Cell Phone Use in Pregnancy: Risks for Child?

Possible Link Between Prenatal Cell Phone Exposure and Childhood Behavior Problems

Exposure to cell phones before birth and afterward may increase a child's risk for developing certain behavioral problems, including hyperactivity, inattention, and problems getting along with peers.

The new research does have limitations; the study researchers point out that there aren't enough data to say how, or even if, cell phone exposure may cause any behavioral problems in children.

"There are theories, but I do not know."

"Exposure to the fetus is likely to be very low, so it's unclear how it can influence fetal development."
But taking some simple precautions to reduce exposure during pregnancy and among children seems prudent. "Be aware of your exposure and while the science develops, use precaution."  "It is very easy to reduce exposure by keeping your phone away from body and using a hands-free device, so why not do it?"

Cell Phone Exposure and Behavior

Data on cell phone use from 28,745  7-year-olds and their moms who were part of the Danish National Birth Cohort study. The mothers provided information on their lifestyle including cell phone use during and after pregnancy. They were interviewed again about their kids' cell phone habits and behavioral issues when their children turned 7.
They found that 35.2% of 7-year olds used a cell phone. Less than 1% of children used their cell phone for longer than one hour a week. Based on the reports by their mothers, the majority of children (93%) had no behavioral issues, 3.3% had borderline behavioral problems, and 3.1% showed signs of behavioral problems including emotional symptoms, conduct problems, hyperactivity/inattention, and relationship problems.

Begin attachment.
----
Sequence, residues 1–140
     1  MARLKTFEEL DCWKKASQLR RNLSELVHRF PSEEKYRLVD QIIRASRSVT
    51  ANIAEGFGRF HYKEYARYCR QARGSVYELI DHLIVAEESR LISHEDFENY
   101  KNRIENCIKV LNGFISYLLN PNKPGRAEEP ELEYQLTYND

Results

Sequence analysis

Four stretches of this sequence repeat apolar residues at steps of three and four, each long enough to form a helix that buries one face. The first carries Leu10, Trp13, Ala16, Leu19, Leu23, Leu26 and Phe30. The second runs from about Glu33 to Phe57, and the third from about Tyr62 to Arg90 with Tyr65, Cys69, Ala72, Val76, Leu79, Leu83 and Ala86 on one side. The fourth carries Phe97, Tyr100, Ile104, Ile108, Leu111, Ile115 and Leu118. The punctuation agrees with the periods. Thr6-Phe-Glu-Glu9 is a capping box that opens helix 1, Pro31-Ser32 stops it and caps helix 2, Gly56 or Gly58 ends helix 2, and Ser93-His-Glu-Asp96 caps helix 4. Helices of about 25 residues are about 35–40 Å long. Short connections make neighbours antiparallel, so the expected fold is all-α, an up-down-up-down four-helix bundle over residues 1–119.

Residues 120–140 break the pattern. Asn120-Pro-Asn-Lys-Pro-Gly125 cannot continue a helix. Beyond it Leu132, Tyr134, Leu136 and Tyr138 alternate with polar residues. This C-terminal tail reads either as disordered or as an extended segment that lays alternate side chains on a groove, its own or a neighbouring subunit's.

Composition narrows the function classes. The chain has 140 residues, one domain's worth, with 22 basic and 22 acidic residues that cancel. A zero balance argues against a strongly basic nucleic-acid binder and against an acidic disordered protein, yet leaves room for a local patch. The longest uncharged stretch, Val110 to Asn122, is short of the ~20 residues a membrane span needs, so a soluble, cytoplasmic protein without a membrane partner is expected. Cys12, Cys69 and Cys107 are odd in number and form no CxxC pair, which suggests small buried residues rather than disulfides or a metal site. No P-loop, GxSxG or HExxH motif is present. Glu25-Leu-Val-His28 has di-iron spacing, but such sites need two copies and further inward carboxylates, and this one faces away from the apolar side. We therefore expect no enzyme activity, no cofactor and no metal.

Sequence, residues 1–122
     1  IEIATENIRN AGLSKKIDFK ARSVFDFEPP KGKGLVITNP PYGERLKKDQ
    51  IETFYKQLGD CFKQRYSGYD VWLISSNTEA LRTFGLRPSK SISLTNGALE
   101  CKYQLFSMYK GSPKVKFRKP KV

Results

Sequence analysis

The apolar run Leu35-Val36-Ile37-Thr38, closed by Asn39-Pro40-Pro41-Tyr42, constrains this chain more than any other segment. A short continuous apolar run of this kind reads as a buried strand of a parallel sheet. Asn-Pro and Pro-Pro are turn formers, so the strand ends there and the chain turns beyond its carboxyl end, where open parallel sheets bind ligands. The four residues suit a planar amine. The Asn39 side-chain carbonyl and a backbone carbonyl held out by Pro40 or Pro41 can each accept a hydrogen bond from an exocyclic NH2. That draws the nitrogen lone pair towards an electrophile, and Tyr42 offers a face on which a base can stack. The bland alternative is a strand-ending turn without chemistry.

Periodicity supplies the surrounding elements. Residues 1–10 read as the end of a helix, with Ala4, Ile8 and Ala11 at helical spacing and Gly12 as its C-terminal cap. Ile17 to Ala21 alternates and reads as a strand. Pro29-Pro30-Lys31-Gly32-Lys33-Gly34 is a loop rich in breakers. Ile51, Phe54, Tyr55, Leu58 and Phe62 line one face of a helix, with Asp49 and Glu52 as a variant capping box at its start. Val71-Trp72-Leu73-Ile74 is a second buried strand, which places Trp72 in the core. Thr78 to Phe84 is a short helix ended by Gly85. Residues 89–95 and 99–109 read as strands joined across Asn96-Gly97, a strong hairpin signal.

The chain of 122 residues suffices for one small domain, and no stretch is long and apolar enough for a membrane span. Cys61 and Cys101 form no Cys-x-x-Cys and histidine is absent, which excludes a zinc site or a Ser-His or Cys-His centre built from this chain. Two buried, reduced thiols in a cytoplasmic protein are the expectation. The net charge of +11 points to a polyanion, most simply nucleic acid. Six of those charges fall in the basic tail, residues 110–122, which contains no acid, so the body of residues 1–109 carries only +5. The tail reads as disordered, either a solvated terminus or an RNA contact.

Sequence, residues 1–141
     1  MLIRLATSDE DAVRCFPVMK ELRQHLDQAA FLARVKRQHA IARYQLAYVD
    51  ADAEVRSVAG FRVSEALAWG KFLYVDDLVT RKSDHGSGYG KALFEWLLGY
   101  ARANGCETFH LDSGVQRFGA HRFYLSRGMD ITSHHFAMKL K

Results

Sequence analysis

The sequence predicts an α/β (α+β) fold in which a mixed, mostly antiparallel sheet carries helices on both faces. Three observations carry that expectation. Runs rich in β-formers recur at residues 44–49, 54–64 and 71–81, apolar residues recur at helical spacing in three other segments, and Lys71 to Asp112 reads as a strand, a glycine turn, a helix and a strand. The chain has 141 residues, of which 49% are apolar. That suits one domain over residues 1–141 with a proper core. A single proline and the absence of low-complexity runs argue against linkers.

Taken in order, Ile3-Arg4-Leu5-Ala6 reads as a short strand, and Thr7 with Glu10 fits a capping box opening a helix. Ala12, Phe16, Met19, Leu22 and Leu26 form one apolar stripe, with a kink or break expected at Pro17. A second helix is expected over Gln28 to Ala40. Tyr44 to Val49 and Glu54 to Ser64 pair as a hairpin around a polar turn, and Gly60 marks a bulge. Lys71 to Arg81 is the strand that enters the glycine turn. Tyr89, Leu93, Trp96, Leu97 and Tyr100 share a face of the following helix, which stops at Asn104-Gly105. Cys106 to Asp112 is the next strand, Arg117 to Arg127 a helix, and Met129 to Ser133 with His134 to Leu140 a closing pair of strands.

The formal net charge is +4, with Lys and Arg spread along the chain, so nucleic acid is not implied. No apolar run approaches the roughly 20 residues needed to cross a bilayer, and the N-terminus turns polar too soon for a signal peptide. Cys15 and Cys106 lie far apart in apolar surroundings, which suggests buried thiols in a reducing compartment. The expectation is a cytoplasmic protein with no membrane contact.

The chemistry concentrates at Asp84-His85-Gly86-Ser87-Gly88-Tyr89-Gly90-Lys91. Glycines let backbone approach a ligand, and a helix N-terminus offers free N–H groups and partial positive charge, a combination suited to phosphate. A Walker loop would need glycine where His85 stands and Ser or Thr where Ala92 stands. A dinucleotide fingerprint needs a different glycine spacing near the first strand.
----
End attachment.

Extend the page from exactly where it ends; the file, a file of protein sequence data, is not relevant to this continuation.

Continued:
Close to 18% of children were exposed to cell phones during pregnancy and after birth, and this was the group with greatest risk for behavioral problems.
The new findings mirror those of an earlier, smaller study of about 13,000 children from the same Danish birth cohort.
Going forward, Kheifets plans to look at the children when they turn 11 and see if the findings still hold. Children will be able to answer questions regarding their cell phone use for themselves by the time they are 11.

Reducing Cell Phone Exposure

The time to act is now. "Pregnant women should be careful about exposure for lots of reasons.. Warnings actually appear on phones that say pregnant woman should avoid exposure to their abdomen."
"Do not keep it on your abdomen, use it with a headset or speaker phone."                                  "It is better be safe than sorry."  "I do not have a lot of data, and if we are smart we would not insist on waiting to get lots of data before taking these simple precautions."
It's not just pregnant women who need to heed this advice. Several studies have shown that men who keep their cell phones in their pocket may risk damaging their sperm.
John Walls, vice president of public affairs at CTIA-The Wireless Association, a trade group representing the wireless industry, tells that his group "stands behind the research review by independent and renowned public health agencies around the world which states that there are no known adverse health effects associated with using wireless devices."
Jeff Stier, a senior fellow at the National Center for Public Policy Research Says

"Different phones give off different exposures, and even those who were reported to be not exposed, probably had significant environmental exposure,


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